Trifolium dubium from Kashmir

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Gurcharan Singh

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Aug 12, 2010, 9:01:29 PM8/12/10
to efloraofindia, Flowers of India
Trifolium dubium Sibth. (syn: T. minus) from Kashmir, often growing in meadows, roadsides and wastelands, and can be easily taken as a species of Medicago, but palmate-trifoliate leaves are distinctive (in Medicago it is pinnately trifoliate with central leaflet on longer stalk) as also drying petals and enclised fruit. Photographed from Botanical Garden below Cheshmashahi on June 26, 2010

Common names: 
English: Yellow suckling clover, Lesser trefoil, Low hop clover, Shamrock, Yellow clover



Used as fodder
 

--
Dr. Gurcharan Singh
Retired  Associate Professor
SGTB Khalsa College, University of Delhi, Delhi-110007
Res: 932 Anand Kunj, Vikas Puri, New Delhi-110018.
Phone: 011-25518297  Mob: 9810359089
http://people.du.ac.in/~singhg45/

Trifolium-dubium-Kashmir-a.jpg
Trifolium-dubium-Kashmir-b.jpg
Trifolium-dubium-Kashmir-c.jpg

tanay bose

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Aug 13, 2010, 1:25:45 AM8/13/10
to Gurcharan Singh, efloraofindia, Flowers of India
More information about this plant from http://www.fao.org/ag/AGP/agpc/doc/gbase/data/Pf000499.htm
tanay

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Tanay Bose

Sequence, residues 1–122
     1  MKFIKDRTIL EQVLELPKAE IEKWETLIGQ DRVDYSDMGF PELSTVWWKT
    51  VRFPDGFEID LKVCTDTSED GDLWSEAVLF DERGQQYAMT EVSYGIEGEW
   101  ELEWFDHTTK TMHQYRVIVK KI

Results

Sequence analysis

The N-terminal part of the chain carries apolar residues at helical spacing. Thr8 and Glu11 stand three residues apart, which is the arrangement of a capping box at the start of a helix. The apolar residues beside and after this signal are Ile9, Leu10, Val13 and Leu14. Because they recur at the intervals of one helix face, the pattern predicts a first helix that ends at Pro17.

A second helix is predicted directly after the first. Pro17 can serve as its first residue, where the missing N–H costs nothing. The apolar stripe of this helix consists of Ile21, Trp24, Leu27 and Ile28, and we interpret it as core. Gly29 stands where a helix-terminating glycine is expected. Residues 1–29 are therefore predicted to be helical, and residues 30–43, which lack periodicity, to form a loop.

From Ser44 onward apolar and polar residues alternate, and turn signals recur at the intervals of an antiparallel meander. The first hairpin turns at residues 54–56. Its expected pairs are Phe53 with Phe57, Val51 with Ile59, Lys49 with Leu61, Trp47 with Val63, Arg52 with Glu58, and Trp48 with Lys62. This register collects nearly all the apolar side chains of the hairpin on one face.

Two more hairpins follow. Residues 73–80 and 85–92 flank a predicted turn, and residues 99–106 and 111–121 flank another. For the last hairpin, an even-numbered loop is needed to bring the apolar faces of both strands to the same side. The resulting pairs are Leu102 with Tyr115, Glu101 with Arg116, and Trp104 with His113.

Research Assistant & Teaching Assistant
Department of Botany
University of British Columbia
3529-6270 University Blvd.
Vancouver, B.C. V6T 1Z4 (Canada)
Phone: 778-323-4036

Pankaj Kumar

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Aug 13, 2010, 6:14:19 AM8/13/10
to Gurcharan Singh, efloraofindia, Flowers of India
DUBIUM means doubtful.....I imagine whats so doubtful in this...
Pankaj

Gurcharan Singh

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Aug 13, 2010, 8:49:22 AM8/13/10
to Pankaj Kumar, efloraofindia, Flowers of India
No clue about the reason behind the specific epithet dubium, but there are other interesting details:

It is an Irish christian symbol of the Holy Trinity and has a different significance. 

According to legend it was used by St. Patrick in explaining the doctrine of the Trinity; it is now used as the emblem of Ireland. An artificial or real shamrock leaf is customarily worn on St. Patrick's Day.

 Other species also designated as shamrock are Medicago lupulina, Trifolium pratense, Trifolium repens and OxalisThe shamrock was traditionally used for its medical properties and was a popular motif in Victorian times.


-- 
Dr. Gurcharan Singh
Retired  Associate Professor
SGTB Khalsa College, University of Delhi, Delhi-110007
Res: 932 Anand Kunj, Vikas Puri, New Delhi-110018.
Phone: 011-25518297  Mob: 9810359089
http://people.du.ac.in/~singhg45/ 

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